Around 2:40 a.m. on election night, I left the watch party I’d been attending and took an Uber home. It was shortly after the Associated Press announced that then-Republican presidential candidate Donald Trump had won Pennsylvania. I was over it — it actually began to sink in that he was actually going to win.
During the ride, my driver — a young white guy with teary eyes — turned up KYW Radio in the car as broadcasters finally confirmed that Trump had won the election. I was slowly moved to tears myself. The horrific bigotry that spewed from his lips, his lack of political experience, and endorsement from the Ku Klux Klan hadn’t been enough to stop him from defeating one of the most qualified candidates of my lifetime.
But as my driver turned on Walnut Street and upped the volume on the radio, I began to realize his tears weren’t the same as mine. As we heard the Trump supporters on air chanting “USA, USA, USA,” I saw that he had a calming sense of relief. He was crying tears of joy, whispering to himself: “It’s about damn time.” Read more »
Calling all runner friends! Remember how we told you guys about the awesome weeklong 8K race Lululemon is putting on along the Schuylkill River Trail this month? In case you forgot (we forgive you), it’s called the Ghost Race, and it looks like it’s going to be pretty darn sweet.
You can read up on the race here, but as a quick rundown: For the Ghost Race, Lululemon has teamed up with Strava and Silverline Athletics to create a virtual 8K race course along the SRT that you can complete anytime, starting next Monday, October 17th through October 23rd. And while you can complete the course on your own, Lululemon has also teamed up with a bunch of running leaders in Philly who you can run the course with throughout the week, starting with a midnight run (!!) on October 17th, led by Jon Lyons of Run215. (That would be 12 a.m. on Monday morning.)
Other folks you can run with include City Fit Girls, Rebecca Barber of the Rocky 50K and more. And if you run the course with them, you have a chance at snagging some free Lululemon gear. Yes, please! You can check out the full lineup of events below.
The #blacklivesmatter movement has been no stranger to controversy. In its short existence it has garnered a reputation for being anti-American, a race-baiting organization, and, most recently — tapping into the fear zeitgeist for many white Americans — a domestic sleeper cell of terrorists. Reaction to #blacklivesmatter has at times even transcended racial identity, with critics accusing it of being “uncoordinated,” “loud” and “ineffective,” or reducing its most visible torchbearers — the protestors who have clogged everything from highways to brunch spots, to city hall, to the DNC — with derisive claims that they are shiftless, unthinking, unemployed, idealistic people with lots of energy and little planning in much the same way that the country has discredited other system disruptors like the Bernie and Occupy camps.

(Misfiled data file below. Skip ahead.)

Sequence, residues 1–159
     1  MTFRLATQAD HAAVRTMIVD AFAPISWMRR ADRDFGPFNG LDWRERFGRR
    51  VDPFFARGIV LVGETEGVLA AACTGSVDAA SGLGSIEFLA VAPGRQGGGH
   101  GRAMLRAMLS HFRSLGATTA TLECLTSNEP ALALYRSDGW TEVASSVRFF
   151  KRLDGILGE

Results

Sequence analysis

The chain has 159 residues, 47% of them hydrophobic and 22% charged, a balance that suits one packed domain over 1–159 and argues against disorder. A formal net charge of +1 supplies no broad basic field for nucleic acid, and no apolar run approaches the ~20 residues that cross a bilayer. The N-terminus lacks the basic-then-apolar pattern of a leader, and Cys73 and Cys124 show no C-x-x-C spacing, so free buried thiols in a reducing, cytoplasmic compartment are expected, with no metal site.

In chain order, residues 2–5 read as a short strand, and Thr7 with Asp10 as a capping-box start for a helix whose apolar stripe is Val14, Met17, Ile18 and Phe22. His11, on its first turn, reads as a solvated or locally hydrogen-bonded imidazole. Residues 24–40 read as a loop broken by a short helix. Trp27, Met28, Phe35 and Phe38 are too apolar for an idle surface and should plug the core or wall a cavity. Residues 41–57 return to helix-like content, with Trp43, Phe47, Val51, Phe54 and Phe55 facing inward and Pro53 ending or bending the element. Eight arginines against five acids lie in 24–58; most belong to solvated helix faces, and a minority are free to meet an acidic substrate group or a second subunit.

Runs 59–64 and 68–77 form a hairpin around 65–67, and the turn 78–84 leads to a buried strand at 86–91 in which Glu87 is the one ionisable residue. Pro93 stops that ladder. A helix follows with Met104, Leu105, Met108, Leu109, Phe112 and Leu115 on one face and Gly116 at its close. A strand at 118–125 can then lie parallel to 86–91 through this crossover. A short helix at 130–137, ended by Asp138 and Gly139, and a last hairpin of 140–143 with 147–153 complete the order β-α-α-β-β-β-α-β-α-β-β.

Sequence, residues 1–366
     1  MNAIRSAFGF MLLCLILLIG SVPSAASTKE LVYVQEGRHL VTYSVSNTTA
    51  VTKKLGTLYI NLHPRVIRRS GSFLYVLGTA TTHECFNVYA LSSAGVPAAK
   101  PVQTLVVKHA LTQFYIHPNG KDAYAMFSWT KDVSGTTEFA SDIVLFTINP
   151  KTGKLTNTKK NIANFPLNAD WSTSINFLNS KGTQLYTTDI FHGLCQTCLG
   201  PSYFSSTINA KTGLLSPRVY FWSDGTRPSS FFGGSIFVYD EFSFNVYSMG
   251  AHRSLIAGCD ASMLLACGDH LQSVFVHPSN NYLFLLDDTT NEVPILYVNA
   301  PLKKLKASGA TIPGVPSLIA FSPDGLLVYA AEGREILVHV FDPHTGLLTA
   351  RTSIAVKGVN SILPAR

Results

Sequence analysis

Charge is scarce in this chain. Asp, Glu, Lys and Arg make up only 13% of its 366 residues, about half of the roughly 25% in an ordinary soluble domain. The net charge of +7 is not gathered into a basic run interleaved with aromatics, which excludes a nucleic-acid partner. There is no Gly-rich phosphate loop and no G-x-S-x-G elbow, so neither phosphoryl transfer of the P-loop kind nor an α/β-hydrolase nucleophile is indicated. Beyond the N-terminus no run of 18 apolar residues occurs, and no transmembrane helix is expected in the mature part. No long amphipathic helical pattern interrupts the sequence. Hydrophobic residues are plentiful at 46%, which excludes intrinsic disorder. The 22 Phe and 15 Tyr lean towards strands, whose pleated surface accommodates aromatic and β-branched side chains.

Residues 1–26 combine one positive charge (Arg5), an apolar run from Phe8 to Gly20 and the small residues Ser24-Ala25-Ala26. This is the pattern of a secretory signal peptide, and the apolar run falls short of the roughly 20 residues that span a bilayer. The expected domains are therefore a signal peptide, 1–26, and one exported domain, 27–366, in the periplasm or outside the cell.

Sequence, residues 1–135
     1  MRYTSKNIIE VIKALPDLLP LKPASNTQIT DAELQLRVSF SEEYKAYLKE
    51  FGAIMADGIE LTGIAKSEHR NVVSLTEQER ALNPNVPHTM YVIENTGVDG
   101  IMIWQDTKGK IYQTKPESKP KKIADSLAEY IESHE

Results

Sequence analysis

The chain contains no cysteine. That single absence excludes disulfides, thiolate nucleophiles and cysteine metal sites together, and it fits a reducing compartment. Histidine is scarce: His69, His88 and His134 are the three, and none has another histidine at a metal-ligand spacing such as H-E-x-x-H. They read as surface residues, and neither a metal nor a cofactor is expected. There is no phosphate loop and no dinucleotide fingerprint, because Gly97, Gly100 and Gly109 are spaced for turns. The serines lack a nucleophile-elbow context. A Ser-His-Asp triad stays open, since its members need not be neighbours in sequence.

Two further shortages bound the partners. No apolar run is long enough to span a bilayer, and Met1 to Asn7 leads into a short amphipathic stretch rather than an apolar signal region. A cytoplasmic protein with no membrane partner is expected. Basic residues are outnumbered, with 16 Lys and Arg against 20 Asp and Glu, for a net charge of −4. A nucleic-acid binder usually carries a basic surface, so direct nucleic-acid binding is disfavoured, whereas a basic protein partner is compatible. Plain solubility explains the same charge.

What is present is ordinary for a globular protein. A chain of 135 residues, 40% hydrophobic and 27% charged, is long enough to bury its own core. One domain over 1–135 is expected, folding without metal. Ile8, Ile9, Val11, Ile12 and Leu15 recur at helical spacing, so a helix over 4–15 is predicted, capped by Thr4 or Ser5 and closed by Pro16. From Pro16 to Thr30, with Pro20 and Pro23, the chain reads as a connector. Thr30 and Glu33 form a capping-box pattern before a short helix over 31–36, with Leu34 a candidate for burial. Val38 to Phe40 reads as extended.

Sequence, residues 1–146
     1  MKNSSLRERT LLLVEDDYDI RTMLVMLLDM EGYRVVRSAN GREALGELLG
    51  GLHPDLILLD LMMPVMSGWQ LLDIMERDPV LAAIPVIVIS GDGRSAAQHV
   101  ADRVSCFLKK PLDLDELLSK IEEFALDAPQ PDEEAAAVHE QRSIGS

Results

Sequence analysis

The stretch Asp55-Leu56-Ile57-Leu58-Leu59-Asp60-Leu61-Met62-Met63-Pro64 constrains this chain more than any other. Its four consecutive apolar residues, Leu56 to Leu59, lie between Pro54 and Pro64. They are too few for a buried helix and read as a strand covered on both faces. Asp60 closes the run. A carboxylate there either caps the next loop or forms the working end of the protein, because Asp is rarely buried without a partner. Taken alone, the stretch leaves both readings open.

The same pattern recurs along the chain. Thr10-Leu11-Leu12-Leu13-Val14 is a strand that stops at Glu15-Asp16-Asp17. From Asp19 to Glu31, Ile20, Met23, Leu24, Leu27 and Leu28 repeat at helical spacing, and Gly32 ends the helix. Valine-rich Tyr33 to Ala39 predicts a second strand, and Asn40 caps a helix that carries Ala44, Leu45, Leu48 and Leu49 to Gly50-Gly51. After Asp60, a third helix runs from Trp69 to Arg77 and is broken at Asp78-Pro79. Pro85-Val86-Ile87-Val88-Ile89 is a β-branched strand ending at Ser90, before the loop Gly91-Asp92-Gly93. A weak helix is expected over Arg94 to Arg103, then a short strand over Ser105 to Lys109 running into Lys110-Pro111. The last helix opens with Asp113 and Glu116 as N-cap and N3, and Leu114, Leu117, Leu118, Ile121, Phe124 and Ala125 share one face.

It has also spawned another type of reaction too; the most popular combative rhetorical retorts to #blacklivesmatter have been across-the-aisle brand battle cries of #alllivesmatter or #bluelivesmatter. It’s made the conversation around it all feel like we’re wading into increasingly turbulent waters while one side yells “Marco!” and the other side yells “Polo!,” all resulting in a stalemate. That the conversation on race now feels inescapable for folks only begins the long road toward empathy about the everyday experience for many Black Americans who feel we’ve had no choice but to navigate this country’s implicit and explicit unequal racial codes. From schools, to employment, to voting, to police interactions, it’s always been a sink-or-swim experience for us, and given the racial animus here, it’s often felt more like sinking. To quote David Foster Wallace (out of context): “this is water.”
That’s what I thought about when 20-year-old Simone Manuel emerged from the pool — breaking the surface and making history when she not only set a new Olympic record in the women’s 100-meter freestyle swimming, but also became the first African-American female to win gold in an individual swimming event. Read more »
What more can you write, post, scream, cry, cuss and pontificate about after a while? At some point, there’s a leaden numbness that creeps into the blood when these moments announce themselves. They’re like bizarro action movies; the whole narrative is reversed, and while we experience the same series of fake climaxes and plot twists, by the time of the denouement, you feel foolish, remembering and realizing that when you sat down to watch this play out, the outcome was never in question.
That’s what Freddie Gray’s death and court proceedings surrounding it feel like to me: the predictable outcome to a decidedly fucked-up action film. As the latest verdict was handed down involving Gray’s death, that old feeling came crawling back again. The initial incident literally set Baltimore ablaze, confounding many people inside and outside the city as to why so many blacks would feel inclined to protest so much, so angrily, so loudly and so violently. In that sense, that’s when the country feels the most unflatteringly colorblind; an entire nation, it seems, incapable of understanding what could be troubling people to act out in such a manner, taking to the streets in protest.